Despite the unorthodox source, a cyber acquisition of this size and scale isn't out of the question given the push by vendors to stake a market-leading position in multiple security technology categories - aka platformization - and Broadcom's track record of big deals, including VMware, the failed $103 billion buy of Qualcomm in 2018, and Avago's $37 billion buy of Broadcom in 2015, which prompted a new name.

How Zscaler Would Fit Into Broadcom

Acquiring Zscaler would largely overlap with the secure web gateway and cloud access security broker capabilities Broadcom got through its $10.7 billion acquisition of Symantec in November 2019, which stem from Symantec's $4.65 billion buy of Blue Coat Systems in August 2016. Zscaler in January 2020 agreed to pay Broadcom $15 million to settle patent infringement lawsuits filed by Symantec.

Overlapping technology isn't a deal-breaker for Broadcom, which got Carbon Black's endpoint detection and response business as part of its VMware acquisition despite already having endpoint security tools from Symantec. Broadcom originally planned to divest Carbon Black since it's a "noncore focus," but it ended up folding it into the Symantec security unit to generate more value for shareholders (see: Broadcom Axes Carbon Black Sale, to Merge Unit With Symantec).

Analyst perceptions of the Zscaler and Blue Coat Systems technology have diverged since Broadcom came into the picture, and Zscaler was recognized last month by Garner as a leader in security service edge, behind only Netskope and Palo Alto Networks. The analyst firm praised Zscaler for its viability and geographic and marketing strategy and criticized its sales execution, customer experience and product strategy.

Conversely, Gartner recognized Broadcom as a niche player in the SSE market, behind most of the 10 vendors evaluated by the technology analyst firm. Gartner praised Broadcom for its overall viability - like Zscaler, its market record and its product offering and criticized the company for its lack of regional security accreditations, a unified console and a control plane and for subpar customer experience.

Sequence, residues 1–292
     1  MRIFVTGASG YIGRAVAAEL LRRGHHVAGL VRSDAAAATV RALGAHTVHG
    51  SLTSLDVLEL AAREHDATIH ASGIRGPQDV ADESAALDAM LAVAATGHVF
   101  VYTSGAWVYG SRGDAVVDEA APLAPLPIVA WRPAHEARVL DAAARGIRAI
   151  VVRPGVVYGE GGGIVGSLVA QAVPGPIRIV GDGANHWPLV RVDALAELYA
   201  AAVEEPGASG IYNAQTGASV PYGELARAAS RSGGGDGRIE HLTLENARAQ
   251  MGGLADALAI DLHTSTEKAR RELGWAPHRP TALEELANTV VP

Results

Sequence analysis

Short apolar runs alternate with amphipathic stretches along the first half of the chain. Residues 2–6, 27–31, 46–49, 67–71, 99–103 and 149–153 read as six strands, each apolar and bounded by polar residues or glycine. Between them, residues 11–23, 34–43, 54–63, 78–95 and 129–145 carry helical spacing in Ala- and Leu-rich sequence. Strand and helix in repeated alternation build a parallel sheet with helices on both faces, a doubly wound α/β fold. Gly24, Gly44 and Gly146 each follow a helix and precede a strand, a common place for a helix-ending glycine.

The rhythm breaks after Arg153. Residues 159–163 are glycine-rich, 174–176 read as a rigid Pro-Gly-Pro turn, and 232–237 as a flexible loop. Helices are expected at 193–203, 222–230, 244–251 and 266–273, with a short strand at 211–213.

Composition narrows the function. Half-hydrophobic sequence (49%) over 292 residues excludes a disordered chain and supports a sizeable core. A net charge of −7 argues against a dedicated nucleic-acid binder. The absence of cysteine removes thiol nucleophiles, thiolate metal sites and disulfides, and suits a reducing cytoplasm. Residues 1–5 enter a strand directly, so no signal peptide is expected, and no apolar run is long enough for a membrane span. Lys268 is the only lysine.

Zscaler's fate ultimately rests in the hands of the company's largest investors: Ajay Mangal, Chaudhry and The Vanguard Group, which control 19.9%, 18.1% and 5.5% of the company's shares, respectively. Media reports indicate the beneficiaries of Mangal's trust are members of Chaudhry's family, meaning a transaction of this size and scale is extremely unlikely to go forward without signoff from Chaudhry.

Zscaler would have a new set of eyes evaluating any acquisition offer put forward by Broadcom as James Beer joined the company's board of directors yesterday. Beer served as Symantec's chief financial officer from 2006 to 2013 and was a member of Forescout's board of directors when Advent took the company private in a contentious $1.4 billion sale in mid-2020.

But if Broadcom wants a deal to happen, there's one person it will have to convince: Jay Chaudhry. Does the 65-year-old serial entrepreneur believe Zscaler's independence is key to its success, or does he believe the company can have more impact by becoming part of something bigger?

About the Author

Michael Novinson

Michael Novinson

Managing Editor, Business, ISMG

Novinson is responsible for covering the vendor and technology landscape. Prior to joining ISMG, he spent four and a half years covering all the major cybersecurity vendors at CRN, with a focus on their programs and offerings for IT service providers. He was recognized for his breaking news coverage of the August 2019 coordinated ransomware attack against local governments in Texas as well as for his continued reporting around the SolarWinds hack in late 2020 and early 2021.